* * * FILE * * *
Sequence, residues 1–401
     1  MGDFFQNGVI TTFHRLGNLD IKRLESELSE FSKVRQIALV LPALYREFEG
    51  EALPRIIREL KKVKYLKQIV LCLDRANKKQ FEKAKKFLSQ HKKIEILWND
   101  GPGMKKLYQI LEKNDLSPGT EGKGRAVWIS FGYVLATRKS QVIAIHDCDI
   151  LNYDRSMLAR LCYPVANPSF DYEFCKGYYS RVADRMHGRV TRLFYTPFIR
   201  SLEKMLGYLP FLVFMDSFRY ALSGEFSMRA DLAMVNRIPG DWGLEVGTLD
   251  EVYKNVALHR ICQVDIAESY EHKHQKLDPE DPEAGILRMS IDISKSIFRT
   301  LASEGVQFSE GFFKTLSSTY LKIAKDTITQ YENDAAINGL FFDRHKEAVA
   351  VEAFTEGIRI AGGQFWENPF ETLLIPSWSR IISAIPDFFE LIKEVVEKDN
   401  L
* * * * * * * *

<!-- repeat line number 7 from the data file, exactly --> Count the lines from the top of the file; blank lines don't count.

   251  EVYKNVALHR ICQVDIAESY EHKHQKLDPE DPEAGILRMS IDISKSIFRT